mon 22/07/2024

Album: Fisherman's Friends - One and All | reviews, news & interviews

Album: Fisherman's Friends - One and All

Album: Fisherman's Friends - One and All

Haul in the nets, call the lifeboat for the soundtrack on the film sequel

No longer a good catch

A decade or so ago, I imagine if I’d run in to Fisherman’s Friends while enjoying a beer and a nice fat crab sandwich in a Port Isaac pub I’d have passed a happy evening and possibly returned the next night.

Sea shanties – indeed, any good close-harmony singing – is very appealing, our reaction to it physiological, an endorphin boost. The sound is irresistible, no matter if you’re drunk or sober. A great part of Fisherman’s Friends' appeal would be their authenticity – a bunch of nice guys with decent voices getting together to have fun and make music.

A decade or so of marketing has ruined all that. Fisherman’s Friends are no longer authentic, and that million-pound deal they signed with Universal after being “discovered” by Johnnie Walker has made them a commodity. There’s been a book, a film, a stage show, a documentary and, naturally, ads for Young’s Seafood. (Did they promote the throat sweeties from which they took their name?). They’ve played the obligatory Pyramid Stage at Glastonbury. Now comes “the highly anticipated sequel to the beloved 2019 uplifting, comedy hit feature film”. It features Imelda May in her debut acting role. She features on the album also, three tracks including “Hi Ho Silver Lining”, something of a nadir. No doubt it plays over the credits.

Whether or not Fisherman’s Friends are responsible for the revival of interest in sea shanties I don’t know – a friend of mine has been singing in a shanty festival on Liverpool’s Albert Dock for many a year. And at the recent Cambridge Folk Festival, The Young ‘Uns were in an altogether higher class with their shanties and great historical ballads.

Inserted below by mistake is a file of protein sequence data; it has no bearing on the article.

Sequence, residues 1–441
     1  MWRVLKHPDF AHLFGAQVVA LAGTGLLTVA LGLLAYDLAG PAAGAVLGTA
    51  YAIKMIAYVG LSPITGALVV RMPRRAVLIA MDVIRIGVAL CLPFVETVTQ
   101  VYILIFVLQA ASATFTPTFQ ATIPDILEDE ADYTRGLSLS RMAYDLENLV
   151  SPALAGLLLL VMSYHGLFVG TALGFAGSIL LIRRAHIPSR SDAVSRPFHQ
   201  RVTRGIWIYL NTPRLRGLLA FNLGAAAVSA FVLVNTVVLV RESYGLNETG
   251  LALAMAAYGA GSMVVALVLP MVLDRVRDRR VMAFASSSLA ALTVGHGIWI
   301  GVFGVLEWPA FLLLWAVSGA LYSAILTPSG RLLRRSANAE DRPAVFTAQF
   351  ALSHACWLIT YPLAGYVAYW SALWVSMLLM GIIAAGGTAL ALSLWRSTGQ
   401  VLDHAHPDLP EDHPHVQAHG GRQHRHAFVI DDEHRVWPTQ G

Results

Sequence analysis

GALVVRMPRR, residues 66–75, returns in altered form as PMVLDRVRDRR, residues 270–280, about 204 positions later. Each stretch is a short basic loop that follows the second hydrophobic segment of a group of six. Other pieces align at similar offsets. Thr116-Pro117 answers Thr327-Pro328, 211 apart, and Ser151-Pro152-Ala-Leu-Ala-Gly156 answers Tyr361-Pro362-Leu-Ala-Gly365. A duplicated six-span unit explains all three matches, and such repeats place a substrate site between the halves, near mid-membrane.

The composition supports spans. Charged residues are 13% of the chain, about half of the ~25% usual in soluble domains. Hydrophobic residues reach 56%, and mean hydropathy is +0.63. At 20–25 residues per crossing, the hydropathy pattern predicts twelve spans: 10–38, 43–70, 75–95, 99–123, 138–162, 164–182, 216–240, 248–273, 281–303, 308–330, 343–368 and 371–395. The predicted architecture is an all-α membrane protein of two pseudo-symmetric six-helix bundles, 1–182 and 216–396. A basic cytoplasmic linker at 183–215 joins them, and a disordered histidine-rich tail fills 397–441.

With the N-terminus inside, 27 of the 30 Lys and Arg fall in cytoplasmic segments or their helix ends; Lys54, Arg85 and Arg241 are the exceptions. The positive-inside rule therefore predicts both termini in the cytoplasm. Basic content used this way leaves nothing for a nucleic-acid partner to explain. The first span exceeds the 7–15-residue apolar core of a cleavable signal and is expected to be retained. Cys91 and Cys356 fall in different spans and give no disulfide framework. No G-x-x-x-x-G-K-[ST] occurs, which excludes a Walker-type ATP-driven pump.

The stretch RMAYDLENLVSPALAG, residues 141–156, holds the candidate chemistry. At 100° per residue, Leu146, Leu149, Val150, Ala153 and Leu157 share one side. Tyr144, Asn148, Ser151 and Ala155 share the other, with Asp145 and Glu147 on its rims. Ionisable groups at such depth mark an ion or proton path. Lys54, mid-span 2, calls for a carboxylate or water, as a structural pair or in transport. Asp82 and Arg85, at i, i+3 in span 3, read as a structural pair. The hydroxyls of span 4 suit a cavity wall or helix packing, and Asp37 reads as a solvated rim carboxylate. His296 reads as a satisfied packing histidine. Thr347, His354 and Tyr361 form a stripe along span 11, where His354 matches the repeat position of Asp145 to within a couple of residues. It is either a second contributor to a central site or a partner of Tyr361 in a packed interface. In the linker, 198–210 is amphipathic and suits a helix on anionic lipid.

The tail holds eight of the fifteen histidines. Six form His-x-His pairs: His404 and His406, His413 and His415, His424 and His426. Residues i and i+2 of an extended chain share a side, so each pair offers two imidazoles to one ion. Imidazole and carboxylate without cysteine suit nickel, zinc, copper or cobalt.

When Fisherman’s Friends dip into traditional repertoire with songs such as “Bonny Ship the Diamond”, “Sail Away Ladies” and “Santiana” (though that's not a patch on the old Highwaymen version, which I still remember from childhood as the flipside of “Michael”), they are on solid ground – something of a contradiction in terms here, I suppose. Tight harmonies, good lusty singing, resonant bass notes. But “Wild Rover” feels fake (listen instead to The Clancy Brothers and Tommy Makem) and “Sloop John B” aspires pointlessly to the Beach Boys. 

Perhaps they’re enjoying it all, the celebrity and the cash. Fishing is a hard life, after all. I’m sure they’re decent guys and I wish them well – and yes, they’ve known tragedy and they’ve raised lots of money for charity. But I don’t hear much “heart and soul” in this, and it seems to me a waste of good voices when there’s a wealth of sea-faring repertoire to explore. If I ran into them in a Port Isaac hostelry today, I don’t know if I’d be hanging around and that’s a shame. I think the tide has gone out on this particular buoy band.

Liz Thomson's website

A decade or so of marketing has ruined all that: Fisherman’s Friends are no longer authentic


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Why should singing Sloop John B allude to the Beach Boys. It was being sung long before any of them were born! It is a Bahamian folk song from Nassau. A transcription by Richard Le Gallienne was published in 1916.

I know. But their reference point is the Beach Boys.

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